The hammer/nail argument

RDBMS for messaging

Lukas Eder
Sending messages via Shutterstock.

Is messaging in the RDBMS database a sin? Lukas Eder shares his thoughts on the topic.

This post was originally published over at as part of a special series focusing on all things Java 8, including how take advantage of lambda expressions, extension methods, and other great stuff. You’ll find the source code on GitHub.

Controversial database topics are a guaranteed success on reddit, because everyone has an opinion on those topics. More importantly, many people have a dogmatic opinion, which always triggers more debate than pragmatism.

So, recently, I posted a link to an older article titled The Database As Queue Anti-Pattern by Mike Hadlow, and it got decent results on /r/programming:

reddit-queueing (1)

… and I’m saying: No. Messaging in the database is not an anti-pattern, it is (can be) totally OK. Let’s consider why:


First off, if you don’t plan on deploying thousands of message types and millions of messages per hour, then you might have a very simple messaging problem. Since you’re already using an RDBMS, using that RDBMS also for messaging is definitely an option.

Obviously, many of you will now think:

If all you have is a hammer, everything looks like a nail

… and you’re right! But guess what, the reasons for only having a hammer can be any of:

  • You don’t have the time to equip with a sophisticated tool box
  • You don’t have the money to equip with a sophisticated tool box
  • You actually don’t really need the sophisticated tool box

Think about these arguments. Yes, the solution might not be perfect, or even ugly…

But we’re engineers and as such, we’re not here to debate perfection. We’re here to deliver value to our customers and if we can get the job done with the hammer, why not just forget our vanity and simply use that hammer to get the job done.

Transactional queues

In a perfect world, queues are transactional and guarantee (to the extent allowed by underlying theory) atomic message delivery or failure – something that we’ve been taking for granted with JMS forever.

At GeeCON Krakow, I had a very interesting discussion with Konrad Malawski regarding his talk about Akka Persistence. If we remove all the hype and buzzwords (e.g. reactive programming, etc.) from Akka, we can see that Akka is just a proprietary alternative to JMS, which looks more modern but is lacking tons of features that we’re used to having in JMS (e.g. like transactional queue persistence).

One of the interesting Aspects of that discussion with Konrad Malawski is the fact that a 100% message delivery guarantee is a myth (details here). Which leads to the conclusion:

Messaging is really hard

It is, indeed! So if you really think you need to embed a sophisticated MQ system, beware of the fact that you will have to learn how it really works and how to correctly operate it.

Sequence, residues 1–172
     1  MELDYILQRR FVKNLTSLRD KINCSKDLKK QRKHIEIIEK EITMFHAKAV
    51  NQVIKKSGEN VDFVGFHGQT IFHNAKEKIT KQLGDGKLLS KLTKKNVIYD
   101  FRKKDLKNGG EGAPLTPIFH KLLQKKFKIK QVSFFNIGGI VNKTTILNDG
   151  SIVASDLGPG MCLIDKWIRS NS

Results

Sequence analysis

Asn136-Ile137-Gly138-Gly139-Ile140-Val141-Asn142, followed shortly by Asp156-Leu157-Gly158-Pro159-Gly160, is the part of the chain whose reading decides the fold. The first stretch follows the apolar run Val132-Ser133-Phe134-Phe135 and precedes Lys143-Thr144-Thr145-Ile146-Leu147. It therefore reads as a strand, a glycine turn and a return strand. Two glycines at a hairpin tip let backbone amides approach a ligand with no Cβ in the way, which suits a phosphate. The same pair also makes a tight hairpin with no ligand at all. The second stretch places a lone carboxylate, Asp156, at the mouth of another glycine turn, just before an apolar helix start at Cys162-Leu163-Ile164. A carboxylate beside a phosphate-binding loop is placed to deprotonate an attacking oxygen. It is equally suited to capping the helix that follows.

If you’re using RDBMS-backed queues, you can get rid of this additional transactional complexity, because your queue operations participate in the transactions that you already have with your database. You get ACID for free!

No additional operations efforts

What developers very often underestimate (we can’t say this enough) are the costs incurring to your operations team when you add new external systems to yours.

Having just one simple RDBMS (and your own application) is a very very lean and simple architecture. Having an RDBMS, an MQ, and your application is already more complex.

There are a lot of excellent DBA out there who know what they’re doing when operating productive databases. Finding excellent “MQA” is much harder.

If you’re using Oracle: Use Oracle AQ

Oracle has a very sophisticated built-in queueing API called Oracle AQ, which can interoperate with JMS.

Queues in AQ are essentially just tables that contain a serialised version of your message type. If you’re using jOOQ, we’ve blogged about how to integrate Oracle AQ with jOOQ, recently.

RDBMS-centric applications can be much easier

We’ve blogged about that before as well: Why Your Boring Data Will Outlast Your Sexy New Technology.

Your data might just survive your application. Consider Paypal replacing Java with JavaScript (it could also have gone the other way round). In the end, however, do you think that Paypal also replaced all their databases? I don’t. Migrating from Oracle to DB2 (different vendor), or from Oracle to MongoDB (different DBMS type) is mostly motivated by political decisions rather than technical ones. Specifically, people don’t migrate from RDBMS to NoSQL databases entirely. They usually just implement a specific domainwith NoSQL (e.g. document storage, or graph traversal)

Assuming that the above really applies to you (it may, of course, not apply): If your RDBMS is in the middle of your system, then running queues in your RDBMS to communicate between system components is quite an obvious choice, isn’t it? All system parts are already connected to the database. Why not keep it that way?


The arguments listed here are all pretty obvious and pragmatic. At some point, they no longer hold true, as your messaging demands are really big enough to justify the integration with a sophisticated MQ system.

But many people have strong opinions about the “hammer / nail” argument. Those opinions may be correct but premature. Very often in software engineering, it is entirely acceptable and sufficient to work with just one tool. The hammer of software: The RDBMS.

Lukas Eder
Lukas is a Java and SQL aficionado. He’s the founder and head of R&D at Data Geekery GmbH, the company behind jOOQ, the best way to write SQL in Java.

comments powered by Disqus